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Journal of Democracy 13.2 (2002) 66-80

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Elections Without Democracy

Africa's Range of Regimes

Nicolas van de Walle


In the first half of the 1990s, great political changes swept sub-Saharan Africa. All through the region, single-party regimes found themselves pressed by domestic critics and global trends into allowing legal opposition parties, press freedom, and competitive elections. Multiparty races, which had been rare since the immediate postindependence era three decades earlier, became routine. Opposition candidates began consistently to win legislative seats. In a few countries such as Zambia, opposition politicians who came out ahead in the voting were actually allowed to assume the reins of government.

These unexpected changes raised hopes that a region long known for political and economic failure was about to turn a corner. For a time, the sheer romance of it all hid the truth of how hard it would be to set up stable democratic governments in countries long beset by poverty, authoritarianism, low administrative capacity, and ethnolinguistic divisions. In many of these countries, electoral politics has proven disappointing as corruption, abuses of power, and economic crises continue to plague national life.

Over much of Africa, therefore, fin-de-si'ecle optimism has given way to early-twenty-first-century gloom. Leaving behind the romance of transition, we have entered the era of "democracy with adjectives" as observers strain to invent qualifiers that capture the actual quality and texture of multiparty politics as it is practiced in the region. 1

Such a swing of the pendulum may be inevitable, but the current gloom holds at least three dangers. First, it tempts us to underrate the gains realized over the last decade. Obvious imperfections should not blind us to the clear improvement in competition and participation that [End Page 66] the 1990s have brought. We must not forget that even if day-to-day politics falls short of democratic ideals, the typical sub-Saharan country is measurably more democratic today than it was in the late 1980s.

Second, the gloomy view tempts us to hold African democracies to impossibly strict standards of liberal democracy, standards that even mature Western democracies cannot meet consistently. Political patronage and electoral irregularities, both causes for much hand-wringing when they come to light in fledgling democracies, are hardly unknown in the West, as the U.S. presidential election of 2000 reminded us. Nor are vacuous campaigns and overly partisan contenders found only in young democracies. Even if the shift to democratic procedures cannot instantly transform sociopolitical norms, it is still to be desired and sought after.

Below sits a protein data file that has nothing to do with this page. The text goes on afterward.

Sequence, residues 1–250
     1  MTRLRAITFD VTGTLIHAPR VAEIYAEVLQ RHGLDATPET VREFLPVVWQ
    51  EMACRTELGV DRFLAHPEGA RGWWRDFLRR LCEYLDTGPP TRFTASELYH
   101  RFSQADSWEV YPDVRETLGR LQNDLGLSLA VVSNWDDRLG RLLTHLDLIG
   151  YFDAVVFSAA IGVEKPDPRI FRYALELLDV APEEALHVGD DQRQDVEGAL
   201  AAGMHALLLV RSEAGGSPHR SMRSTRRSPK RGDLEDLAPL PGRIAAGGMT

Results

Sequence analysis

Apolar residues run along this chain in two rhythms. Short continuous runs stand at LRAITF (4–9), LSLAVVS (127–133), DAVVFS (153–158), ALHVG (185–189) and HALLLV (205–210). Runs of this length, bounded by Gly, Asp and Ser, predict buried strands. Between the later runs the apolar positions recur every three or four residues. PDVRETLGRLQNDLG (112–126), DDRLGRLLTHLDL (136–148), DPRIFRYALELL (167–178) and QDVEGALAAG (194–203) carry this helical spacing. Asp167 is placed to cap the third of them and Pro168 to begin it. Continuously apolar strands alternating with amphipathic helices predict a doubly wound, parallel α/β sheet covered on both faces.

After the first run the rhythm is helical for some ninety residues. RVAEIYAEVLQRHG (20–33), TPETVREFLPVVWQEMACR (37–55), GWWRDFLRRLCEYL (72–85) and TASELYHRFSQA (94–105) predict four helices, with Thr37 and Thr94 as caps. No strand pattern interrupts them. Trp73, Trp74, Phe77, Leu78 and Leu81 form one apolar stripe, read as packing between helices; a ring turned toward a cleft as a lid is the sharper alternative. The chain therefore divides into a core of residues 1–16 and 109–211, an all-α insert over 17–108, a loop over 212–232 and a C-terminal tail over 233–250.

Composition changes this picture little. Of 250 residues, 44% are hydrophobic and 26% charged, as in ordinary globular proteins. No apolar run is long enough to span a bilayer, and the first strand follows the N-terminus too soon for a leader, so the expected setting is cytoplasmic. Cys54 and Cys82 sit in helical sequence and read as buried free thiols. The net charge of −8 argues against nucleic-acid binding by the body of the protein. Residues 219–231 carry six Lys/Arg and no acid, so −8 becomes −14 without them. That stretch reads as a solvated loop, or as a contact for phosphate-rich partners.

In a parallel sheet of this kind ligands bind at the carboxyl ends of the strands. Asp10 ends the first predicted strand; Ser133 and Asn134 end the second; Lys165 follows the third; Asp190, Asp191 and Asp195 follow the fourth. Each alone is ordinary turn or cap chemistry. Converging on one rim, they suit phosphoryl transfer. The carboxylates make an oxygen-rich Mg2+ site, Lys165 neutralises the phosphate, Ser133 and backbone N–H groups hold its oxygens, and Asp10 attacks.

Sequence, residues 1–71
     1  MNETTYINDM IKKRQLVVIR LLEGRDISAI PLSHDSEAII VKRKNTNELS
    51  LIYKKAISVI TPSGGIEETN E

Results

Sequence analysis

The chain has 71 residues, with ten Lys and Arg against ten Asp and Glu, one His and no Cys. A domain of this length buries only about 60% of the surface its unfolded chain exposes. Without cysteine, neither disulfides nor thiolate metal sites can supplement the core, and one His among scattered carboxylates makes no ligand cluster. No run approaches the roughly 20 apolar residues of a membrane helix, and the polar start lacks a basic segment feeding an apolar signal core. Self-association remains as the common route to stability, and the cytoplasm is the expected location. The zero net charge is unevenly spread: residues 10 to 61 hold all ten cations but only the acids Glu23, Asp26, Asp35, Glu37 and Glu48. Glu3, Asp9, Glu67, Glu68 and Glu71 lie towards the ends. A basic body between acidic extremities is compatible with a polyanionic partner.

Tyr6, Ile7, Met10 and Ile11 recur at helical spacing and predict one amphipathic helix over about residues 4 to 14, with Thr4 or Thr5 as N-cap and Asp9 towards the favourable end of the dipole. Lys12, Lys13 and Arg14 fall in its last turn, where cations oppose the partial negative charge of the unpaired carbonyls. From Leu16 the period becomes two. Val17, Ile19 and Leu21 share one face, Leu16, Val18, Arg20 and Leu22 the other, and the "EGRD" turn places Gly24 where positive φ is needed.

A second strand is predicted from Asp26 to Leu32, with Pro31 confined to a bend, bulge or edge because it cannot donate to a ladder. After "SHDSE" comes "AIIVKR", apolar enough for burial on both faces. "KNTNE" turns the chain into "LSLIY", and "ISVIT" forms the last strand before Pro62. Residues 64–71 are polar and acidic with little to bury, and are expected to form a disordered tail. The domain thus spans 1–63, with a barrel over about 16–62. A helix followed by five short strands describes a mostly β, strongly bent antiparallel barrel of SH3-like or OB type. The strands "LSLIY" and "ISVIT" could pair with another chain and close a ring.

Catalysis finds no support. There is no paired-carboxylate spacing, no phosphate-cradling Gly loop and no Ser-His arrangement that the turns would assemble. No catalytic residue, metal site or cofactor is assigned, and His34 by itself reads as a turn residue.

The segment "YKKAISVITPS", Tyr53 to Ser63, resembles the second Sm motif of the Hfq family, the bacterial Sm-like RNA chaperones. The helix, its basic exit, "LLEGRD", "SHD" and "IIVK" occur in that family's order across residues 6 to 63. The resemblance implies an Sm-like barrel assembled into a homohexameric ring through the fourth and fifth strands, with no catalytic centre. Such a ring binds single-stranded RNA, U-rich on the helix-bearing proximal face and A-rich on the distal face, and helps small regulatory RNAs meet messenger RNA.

Third, disappointment tempts us to group all of sub-Saharan Africa's several dozen multiparty polities into the same category of "imperfect democracy," though even a cursory analysis shows that politics is practiced quite differently from country to country, and that they hardly appear to be all on the same path. In fact, a careful comparison of political systems is precisely what we need if we want to grasp why some countries have made substantial democratic progress while others have not.

The Rise of Multipartism

Between 1989 and the end of 2000, sub-Saharan Africa witnessed 70 presidential elections (spread across most of the region's 48 countries) involving more than one candidate. 2 Over the same period, legislative elections involving at least two parties were held at least once in 42 countries—an average of more than seven elections a year. By the late 1990s, national legislatures in 39 of the 48 sub-Saharan countries contained representatives from at least two political parties. Only Congo-Kinshasa, Eritrea, Rwanda, Somalia, Swaziland, and Uganda held no multiparty elections whatsoever.

How much progress was this? A great deal when compared with the period from 1985 to 1989, when only nine of these countries held competitive multiparty elections. From 1989 to 2000, moreover, 35 countries managed to hold more than one cycle of competitive elections, in nearly every case after the incumbents had reached the prescribed end of their constitutional mandate. Ten countries convened three such elections; Niger even held four. Clearly a pattern of...


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